After seeing some of the highest levels of inflation in more than four decades last year, Social Security benefits increased by a whopping 8.7% this year thanks to the program's annual cost-of-living adjustment (COLA). 

The adjustment was big for retirees, who have seen their purchasing power eroded more than usual over the past few years because of surging inflation. While they are still dealing with high consumer prices, the chance for another big COLA in 2024 like that seen this year is getting slimmer by the month. Here's why.

How the COLA is calculated

The Social Security Administration (SSA) calculates the following year's COLA based on the current year's inflation. Specifically, the SSA uses inflation data from the Consumer Price Index for Urban Wage Earners and Clerical Workers (CPI-W), which tracks the prices on a market basket of consumer goods and services that are typically purchased by that group of the population.

Person looking at documents on couch.

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The SSA looks at the CPI-W for the months of July, August, and September. It then averages the CPI-W during these three months and compares it to the average CPI-W for the same three months of the prior year. The percentage difference between these two numbers equals the following year's COLA, although a COLA can never be negative for Social Security.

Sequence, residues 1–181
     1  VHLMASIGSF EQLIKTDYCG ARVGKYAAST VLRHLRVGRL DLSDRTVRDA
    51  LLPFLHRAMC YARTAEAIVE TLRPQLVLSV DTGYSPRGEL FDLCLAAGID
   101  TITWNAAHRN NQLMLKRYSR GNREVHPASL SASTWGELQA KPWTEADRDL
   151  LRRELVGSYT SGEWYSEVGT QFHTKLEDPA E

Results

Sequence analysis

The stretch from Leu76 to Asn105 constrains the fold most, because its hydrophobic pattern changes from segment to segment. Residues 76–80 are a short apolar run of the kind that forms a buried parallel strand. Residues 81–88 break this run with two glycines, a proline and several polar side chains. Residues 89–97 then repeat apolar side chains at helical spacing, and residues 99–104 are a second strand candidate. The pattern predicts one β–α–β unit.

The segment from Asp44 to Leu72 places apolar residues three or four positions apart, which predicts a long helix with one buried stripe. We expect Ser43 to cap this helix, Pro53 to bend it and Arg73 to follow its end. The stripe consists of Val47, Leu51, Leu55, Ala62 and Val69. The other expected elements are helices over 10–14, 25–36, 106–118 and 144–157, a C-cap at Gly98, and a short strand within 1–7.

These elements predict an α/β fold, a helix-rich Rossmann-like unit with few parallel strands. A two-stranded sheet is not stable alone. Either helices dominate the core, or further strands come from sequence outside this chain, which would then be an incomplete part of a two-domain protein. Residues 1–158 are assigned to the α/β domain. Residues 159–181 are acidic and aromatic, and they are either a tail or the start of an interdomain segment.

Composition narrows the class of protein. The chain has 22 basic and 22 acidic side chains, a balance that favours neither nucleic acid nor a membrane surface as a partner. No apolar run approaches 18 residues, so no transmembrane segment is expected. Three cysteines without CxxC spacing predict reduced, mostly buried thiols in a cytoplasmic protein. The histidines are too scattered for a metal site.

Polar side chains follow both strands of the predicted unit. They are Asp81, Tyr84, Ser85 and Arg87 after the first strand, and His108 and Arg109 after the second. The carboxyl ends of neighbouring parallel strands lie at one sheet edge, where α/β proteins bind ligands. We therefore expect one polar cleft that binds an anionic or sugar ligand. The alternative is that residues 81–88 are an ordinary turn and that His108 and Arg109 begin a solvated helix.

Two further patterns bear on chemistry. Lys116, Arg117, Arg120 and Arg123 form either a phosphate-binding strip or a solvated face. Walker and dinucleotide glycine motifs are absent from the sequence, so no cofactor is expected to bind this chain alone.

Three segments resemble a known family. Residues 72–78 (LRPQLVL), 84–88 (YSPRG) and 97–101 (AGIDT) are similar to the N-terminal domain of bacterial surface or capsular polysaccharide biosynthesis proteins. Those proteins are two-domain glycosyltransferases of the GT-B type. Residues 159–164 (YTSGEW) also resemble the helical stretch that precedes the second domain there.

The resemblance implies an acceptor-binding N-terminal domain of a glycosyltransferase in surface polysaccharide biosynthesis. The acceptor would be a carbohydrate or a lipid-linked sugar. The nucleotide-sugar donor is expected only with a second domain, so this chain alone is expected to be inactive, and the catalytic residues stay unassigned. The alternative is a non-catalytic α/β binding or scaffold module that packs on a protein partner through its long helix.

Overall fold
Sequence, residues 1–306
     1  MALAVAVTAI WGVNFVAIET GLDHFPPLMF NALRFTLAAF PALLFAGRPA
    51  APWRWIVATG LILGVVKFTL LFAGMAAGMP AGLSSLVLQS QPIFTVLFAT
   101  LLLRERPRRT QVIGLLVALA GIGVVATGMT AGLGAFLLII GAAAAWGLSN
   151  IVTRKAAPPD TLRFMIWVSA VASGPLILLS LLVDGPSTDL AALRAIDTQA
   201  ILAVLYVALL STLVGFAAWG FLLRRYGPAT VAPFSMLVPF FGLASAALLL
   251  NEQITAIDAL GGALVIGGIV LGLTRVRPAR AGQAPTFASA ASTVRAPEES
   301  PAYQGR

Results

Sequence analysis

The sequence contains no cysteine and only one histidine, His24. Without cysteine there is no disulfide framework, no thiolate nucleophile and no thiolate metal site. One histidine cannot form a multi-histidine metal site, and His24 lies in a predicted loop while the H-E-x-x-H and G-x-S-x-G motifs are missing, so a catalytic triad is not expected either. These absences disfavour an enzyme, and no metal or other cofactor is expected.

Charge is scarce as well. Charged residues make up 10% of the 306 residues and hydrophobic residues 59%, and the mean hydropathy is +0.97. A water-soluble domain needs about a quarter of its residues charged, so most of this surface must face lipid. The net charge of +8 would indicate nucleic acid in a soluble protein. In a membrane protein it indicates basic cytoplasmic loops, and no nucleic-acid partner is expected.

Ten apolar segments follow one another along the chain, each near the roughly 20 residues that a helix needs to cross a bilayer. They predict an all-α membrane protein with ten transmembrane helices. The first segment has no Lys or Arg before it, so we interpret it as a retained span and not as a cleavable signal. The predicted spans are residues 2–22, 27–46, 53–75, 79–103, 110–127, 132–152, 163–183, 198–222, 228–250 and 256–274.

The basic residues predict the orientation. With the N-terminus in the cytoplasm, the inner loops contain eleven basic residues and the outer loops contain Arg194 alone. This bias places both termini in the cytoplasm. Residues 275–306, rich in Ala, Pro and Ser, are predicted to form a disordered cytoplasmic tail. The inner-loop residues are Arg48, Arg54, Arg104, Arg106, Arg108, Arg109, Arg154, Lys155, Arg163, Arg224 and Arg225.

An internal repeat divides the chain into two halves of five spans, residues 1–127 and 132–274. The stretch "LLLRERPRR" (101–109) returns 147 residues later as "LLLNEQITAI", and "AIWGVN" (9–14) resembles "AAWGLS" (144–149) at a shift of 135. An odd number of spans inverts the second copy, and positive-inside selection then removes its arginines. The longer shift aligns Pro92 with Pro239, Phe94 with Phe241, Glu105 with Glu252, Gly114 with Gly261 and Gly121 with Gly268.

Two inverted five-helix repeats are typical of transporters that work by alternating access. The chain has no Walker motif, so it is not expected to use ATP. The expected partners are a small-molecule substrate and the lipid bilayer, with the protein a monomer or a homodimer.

Due to the Federal Reserve's aggressive interest rate hikes over the last year, inflation has started to slow down. It peaked at about 9% in the middle of 2022, but in January 2023, the CPI-W was up about 6.25% year over year. In February, the CPI-W eased again, and was up about 5.8% year over year.

I would expect inflation to keep coming down as the year progresses because all of the Fed's rate hikes have not worked their way through the economy yet, and we also know the Fed's preferred rate of inflation is 2%, so it is still too high. The Fed has also continued to raise interest rates this year, and another rate hike could be coming at the Fed's May meeting.

While it's hard to say precisely, the International Monetary Fund in February projected that the annual inflation rate in the U.S. would drop to 3.5% by the end of the year.

Meanwhile, financial publisher Kiplinger projects annual inflation to drop to 4% by the end of 2023, and consumers' one-year inflation expectations recently dropped to 3.8% in March, according to a regular survey conducted by the University of Michigan.

A glass half full

Thinking about where the CPI-W was in February and projections for inflation by the end of the year, there is a good chance the CPI-W numbers could come down to between 3.5% and 5% in the third quarter of the year.

This is just a guess, and inflation could also drop much further. That means the COLA for 2024 could be somewhere in the 4% to 5% range or even lower, which is a far cry from last year's 8.7% raise.

However, historically speaking, a 4% or 5% COLA would not be bad at all, so retirees could still get a somewhat decent raise next year. We'll just have to wait and see.